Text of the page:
# Milnor, Lectures on the h-cobordism theorem, proof of Theorem 3.4

I have a question while reading the proof of Theorem 3.4 in Milnor's book Lectures on the h-cobordism theorem. (https://www.maths.ed.ac.uk/~v1ranick/surgery/hcobord.pdf)

Theorem 3.4. If the Morse number $$\mu$$ of the triad $$(W;V_0,V_1)$$ is zero, then $$(W;V_0,V_1)$$ is a product cobordism.

Proof) $$(\cdots)$$ We obtain an integral which satisfies $$f(\psi(s))=s$$. Each integral curve can be extended uniquely over a maximal interval, which, since $$W$$ is compact, must be $$[0,1]$$. $$(\cdots)$$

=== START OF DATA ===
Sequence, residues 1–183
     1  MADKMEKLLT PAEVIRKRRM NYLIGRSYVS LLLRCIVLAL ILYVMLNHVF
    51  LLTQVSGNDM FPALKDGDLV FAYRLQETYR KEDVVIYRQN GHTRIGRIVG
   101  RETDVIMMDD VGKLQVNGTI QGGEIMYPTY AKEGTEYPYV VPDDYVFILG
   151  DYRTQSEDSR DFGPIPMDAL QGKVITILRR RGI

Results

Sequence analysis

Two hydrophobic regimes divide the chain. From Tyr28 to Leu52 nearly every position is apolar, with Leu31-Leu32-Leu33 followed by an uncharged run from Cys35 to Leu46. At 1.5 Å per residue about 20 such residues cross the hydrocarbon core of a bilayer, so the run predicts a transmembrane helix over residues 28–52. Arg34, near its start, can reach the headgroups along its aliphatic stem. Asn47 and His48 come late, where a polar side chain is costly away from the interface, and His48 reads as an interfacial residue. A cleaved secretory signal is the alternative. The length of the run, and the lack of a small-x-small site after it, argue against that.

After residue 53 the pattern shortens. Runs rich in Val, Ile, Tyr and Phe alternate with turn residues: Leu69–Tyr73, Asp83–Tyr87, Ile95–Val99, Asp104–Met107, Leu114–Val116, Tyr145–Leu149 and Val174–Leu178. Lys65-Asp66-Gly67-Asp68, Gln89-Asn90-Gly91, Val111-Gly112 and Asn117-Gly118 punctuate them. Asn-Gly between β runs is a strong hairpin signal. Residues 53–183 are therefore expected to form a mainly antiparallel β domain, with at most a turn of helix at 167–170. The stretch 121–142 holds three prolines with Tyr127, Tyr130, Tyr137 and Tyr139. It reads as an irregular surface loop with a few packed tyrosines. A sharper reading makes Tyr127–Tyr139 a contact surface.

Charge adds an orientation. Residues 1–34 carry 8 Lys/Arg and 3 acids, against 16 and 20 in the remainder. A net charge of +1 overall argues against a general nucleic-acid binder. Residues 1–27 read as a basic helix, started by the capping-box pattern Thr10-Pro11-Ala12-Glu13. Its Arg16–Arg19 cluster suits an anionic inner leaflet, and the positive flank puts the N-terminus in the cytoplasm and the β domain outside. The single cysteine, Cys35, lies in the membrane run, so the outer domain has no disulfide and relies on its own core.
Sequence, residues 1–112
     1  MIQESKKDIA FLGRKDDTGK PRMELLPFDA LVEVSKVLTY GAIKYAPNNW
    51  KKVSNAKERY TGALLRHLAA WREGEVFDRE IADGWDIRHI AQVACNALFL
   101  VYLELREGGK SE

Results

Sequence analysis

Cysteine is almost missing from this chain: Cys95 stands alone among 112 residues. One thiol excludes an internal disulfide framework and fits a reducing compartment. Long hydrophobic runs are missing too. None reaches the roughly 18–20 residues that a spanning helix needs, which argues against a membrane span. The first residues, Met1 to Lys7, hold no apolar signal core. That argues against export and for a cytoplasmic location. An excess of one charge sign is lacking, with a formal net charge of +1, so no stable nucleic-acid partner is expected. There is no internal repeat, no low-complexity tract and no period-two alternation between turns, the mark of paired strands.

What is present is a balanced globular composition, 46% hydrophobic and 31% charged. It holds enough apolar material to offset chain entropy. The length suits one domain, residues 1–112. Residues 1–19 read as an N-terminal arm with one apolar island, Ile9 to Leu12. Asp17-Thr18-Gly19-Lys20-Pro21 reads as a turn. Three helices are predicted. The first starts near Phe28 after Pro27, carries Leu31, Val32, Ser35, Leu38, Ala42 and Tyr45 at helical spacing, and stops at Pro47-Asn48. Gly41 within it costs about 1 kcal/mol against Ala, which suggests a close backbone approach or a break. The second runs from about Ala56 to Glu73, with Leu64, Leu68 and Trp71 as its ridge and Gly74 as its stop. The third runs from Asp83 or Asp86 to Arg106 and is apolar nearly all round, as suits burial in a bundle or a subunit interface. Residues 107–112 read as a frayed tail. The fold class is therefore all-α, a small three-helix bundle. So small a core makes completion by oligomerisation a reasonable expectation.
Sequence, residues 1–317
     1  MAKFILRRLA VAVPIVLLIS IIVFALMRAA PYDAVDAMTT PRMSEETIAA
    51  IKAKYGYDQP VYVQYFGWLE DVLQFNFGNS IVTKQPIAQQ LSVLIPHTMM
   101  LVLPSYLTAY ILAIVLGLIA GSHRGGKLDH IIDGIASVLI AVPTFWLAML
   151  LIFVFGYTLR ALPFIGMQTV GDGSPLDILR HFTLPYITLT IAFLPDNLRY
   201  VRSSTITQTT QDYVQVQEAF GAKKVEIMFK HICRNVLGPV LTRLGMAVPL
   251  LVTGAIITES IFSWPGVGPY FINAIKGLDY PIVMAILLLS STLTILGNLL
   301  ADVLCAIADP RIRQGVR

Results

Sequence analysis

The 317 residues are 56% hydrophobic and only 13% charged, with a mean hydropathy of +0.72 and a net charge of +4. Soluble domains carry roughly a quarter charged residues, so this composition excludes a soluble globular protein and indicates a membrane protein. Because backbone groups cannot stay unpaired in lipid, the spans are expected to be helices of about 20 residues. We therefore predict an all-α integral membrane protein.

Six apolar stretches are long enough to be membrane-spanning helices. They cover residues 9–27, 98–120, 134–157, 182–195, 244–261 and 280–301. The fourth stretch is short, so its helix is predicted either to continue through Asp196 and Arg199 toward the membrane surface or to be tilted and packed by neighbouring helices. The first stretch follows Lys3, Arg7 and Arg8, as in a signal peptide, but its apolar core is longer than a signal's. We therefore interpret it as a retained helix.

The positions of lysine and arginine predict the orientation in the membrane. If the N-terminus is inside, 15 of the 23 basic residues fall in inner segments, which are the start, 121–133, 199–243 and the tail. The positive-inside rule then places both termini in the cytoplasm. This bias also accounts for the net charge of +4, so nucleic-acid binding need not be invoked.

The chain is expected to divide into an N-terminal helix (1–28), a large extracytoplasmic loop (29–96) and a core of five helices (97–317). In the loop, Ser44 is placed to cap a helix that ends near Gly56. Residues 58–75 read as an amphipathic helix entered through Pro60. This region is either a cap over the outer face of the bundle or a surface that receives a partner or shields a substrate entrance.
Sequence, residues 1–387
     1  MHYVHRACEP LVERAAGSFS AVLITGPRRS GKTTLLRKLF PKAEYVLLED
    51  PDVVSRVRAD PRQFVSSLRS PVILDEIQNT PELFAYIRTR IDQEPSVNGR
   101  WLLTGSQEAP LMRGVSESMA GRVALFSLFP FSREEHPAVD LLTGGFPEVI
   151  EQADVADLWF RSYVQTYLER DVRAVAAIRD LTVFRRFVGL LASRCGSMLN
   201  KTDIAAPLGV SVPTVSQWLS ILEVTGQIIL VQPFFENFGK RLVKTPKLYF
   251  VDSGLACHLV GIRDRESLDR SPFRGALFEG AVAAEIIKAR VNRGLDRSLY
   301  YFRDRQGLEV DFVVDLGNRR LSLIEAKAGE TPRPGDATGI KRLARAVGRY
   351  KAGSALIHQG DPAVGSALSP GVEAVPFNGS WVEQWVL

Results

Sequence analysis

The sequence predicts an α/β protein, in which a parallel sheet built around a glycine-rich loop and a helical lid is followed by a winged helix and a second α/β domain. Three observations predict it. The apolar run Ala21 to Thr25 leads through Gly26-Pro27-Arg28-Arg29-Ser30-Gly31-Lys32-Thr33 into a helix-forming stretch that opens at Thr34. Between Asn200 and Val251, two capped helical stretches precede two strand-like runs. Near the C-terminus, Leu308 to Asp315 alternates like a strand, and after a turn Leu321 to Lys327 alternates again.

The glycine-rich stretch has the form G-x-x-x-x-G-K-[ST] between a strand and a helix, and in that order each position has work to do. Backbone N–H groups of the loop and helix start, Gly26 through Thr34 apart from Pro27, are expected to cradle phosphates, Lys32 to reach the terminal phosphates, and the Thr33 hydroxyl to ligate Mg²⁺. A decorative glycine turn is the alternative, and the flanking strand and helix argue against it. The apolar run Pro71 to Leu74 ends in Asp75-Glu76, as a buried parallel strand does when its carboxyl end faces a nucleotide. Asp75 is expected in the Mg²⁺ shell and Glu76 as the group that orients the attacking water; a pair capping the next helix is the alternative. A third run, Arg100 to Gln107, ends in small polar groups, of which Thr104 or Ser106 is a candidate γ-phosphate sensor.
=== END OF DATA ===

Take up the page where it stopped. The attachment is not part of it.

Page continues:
My question is: How did the compactness of $$W$$ used to show that the maximal domain of an integral curve must be $$[0,1]$$?

The function $$f$$ is assumed to have value $$0$$ on $$V_0$$ and $$1$$ on $$V_1$$. An integral curve of an ODE/vector field on a compact manifold with boundary can be extended until it hits the boundary. Since $$f(\psi(s))=s$$ this will happen precisely at $$s=0$$ and at $$s=1$$.